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Weather team supports air superiority

Man sets up hand held weather forecasting device

Senior Master Sgt. Michael Adcock, 375th Operations Support Squadron Weather Flight chief, sets up a Kestrel on the flightline at Scott Air Force Base, Ill., Aug. 25, 2020. Kestrels are handheld meteorological instruments used to measure temperature, moisture, wind speed and pressure. (U.S. Air Force photo by Airman 1st Class Shannon Moorehead)

Detail photograph of weather data on a screen.

Weather sensor data at Scott Air Force Base, Ill., Aug. 25, 2020. Weather sensor data is used to monitor conditions over the airfield. (U.S. Air Force photo by Airman 1st Class Shannon Moorehead)

Man reads weather forecasting documents

Technical Sgt. Michael Udoh, 375th Operations Support Squadron Weather Flight weather forecaster, smiles while reviewing documents at Scott Air Force Base, Ill., Aug. 25, 2020. Weather documents include information on air and sea surface temperature, atmospheric pressure, measuring humidity, wind speed and solar radiation. (U.S. Air Force photo by Airman 1st Class Shannon Moorehead)

Hand adjusting a handheld weather data tool

A Kestrel on the flightline at Scott Air Force Base, Ill., Aug. 25, 2020. Kestrels measure real time weather data and connect to weather applications providing wind speed, barometric pressure, and temperature. (U.S. Air Force photo by Airman 1st Class Shannon Moorehead)

Man observes satellite weather patters on a monitor

Airman 1st Class Corbin Deboer, 375th Operations Support Squadron Weather Flight weather forecaster, observes weather patterns at Scott Air Force Base, Ill., Aug. 25, 2020. Observing and analyzing weather patterns is how new weather forecasters learn and develop accurate forecast capabilities. (U.S. Air Force photo by Airman 1st Class Shannon Moorehead)

Scott Air Force Base, Ill. – Achieving air superiority is a critical condition for successful Air Force operations, and that’s why it relies on accurate weather forecasters like Senior Master Sgt. Michael Adcock.

As the chief of the 375th Operations Support Squadron Weather Flight, he helps train and guide future Airmen for this important role.

“Our role here is to provide weather intelligence to the base as a whole,” he said. “Our primary focus is on the airfield and flying customers—not just the 375th [Air Mobility Wing] flyers, but also the Guard and Reserve and any transient aircrew that fly out of Scott [as well].”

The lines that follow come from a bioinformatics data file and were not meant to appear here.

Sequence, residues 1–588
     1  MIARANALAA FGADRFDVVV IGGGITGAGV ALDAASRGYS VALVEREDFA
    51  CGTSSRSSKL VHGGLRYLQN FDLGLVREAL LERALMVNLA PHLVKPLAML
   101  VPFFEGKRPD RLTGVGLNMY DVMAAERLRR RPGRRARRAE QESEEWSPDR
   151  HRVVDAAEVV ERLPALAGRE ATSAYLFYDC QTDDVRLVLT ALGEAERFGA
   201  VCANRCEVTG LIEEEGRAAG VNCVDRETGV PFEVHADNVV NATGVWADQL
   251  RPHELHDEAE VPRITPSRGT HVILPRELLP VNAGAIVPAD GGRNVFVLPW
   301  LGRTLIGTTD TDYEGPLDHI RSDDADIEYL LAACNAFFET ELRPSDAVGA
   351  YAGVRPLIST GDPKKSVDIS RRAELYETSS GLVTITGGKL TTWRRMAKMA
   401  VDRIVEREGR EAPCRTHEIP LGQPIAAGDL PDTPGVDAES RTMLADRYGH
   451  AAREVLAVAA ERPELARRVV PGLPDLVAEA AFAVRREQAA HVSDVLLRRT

Because weather can easily alter military operations and even halt troop movement, weather observation is imperative to maintain readiness across the spectrum. That’s one reason why before core competencies can be certified, Weather Flight 
Airmen learn to keep a constant watch of weather patterns, and then communicate weather observations and forecasts to help aircrews achieve mission success.

“It’s knowing how to exploit the weather to make a mission more successful,” said Adcock. “When we get surprised by those weather elements, it can set us back in an operation. By knowing in advance something is coming through, we can shift an operation ahead or delay it so that they’re not affected by that, we can still get people on target, on time.”

Daily weather observations also play a vital role and that’s why you’ll find forecasters like Airman 1st Class Corbin DeBoer, 375th OSS Weather Flight weather forecaster, out on the flightline monitoring the skies rain or shine. While a local weather station might advise to “bundle up” when it’s chilly outside, DeBoer’s information is used for flight requirements and operational needs around base.

“I enjoy being able to provide up to date, last minute information to pilots and aircrew,” said DeBoer. “Being able to provide that information and to see its effects on the environment and the affect it has on people is inspiring.”

The information that is provided by forecasters is critical for resource protection on Scott. The heads up they provide to mission partners, and wing assists leadership in preparing Airmen appropriately. Whether it’s here at Scott or wherever the 375 AMW has aircraft in the sky, forecasters will be watching to ensure mission success.

Adcock added, “We provide weather support wherever any of our aircraft go whether it’s down the street or across the country.  Wherever they go, we got their back.”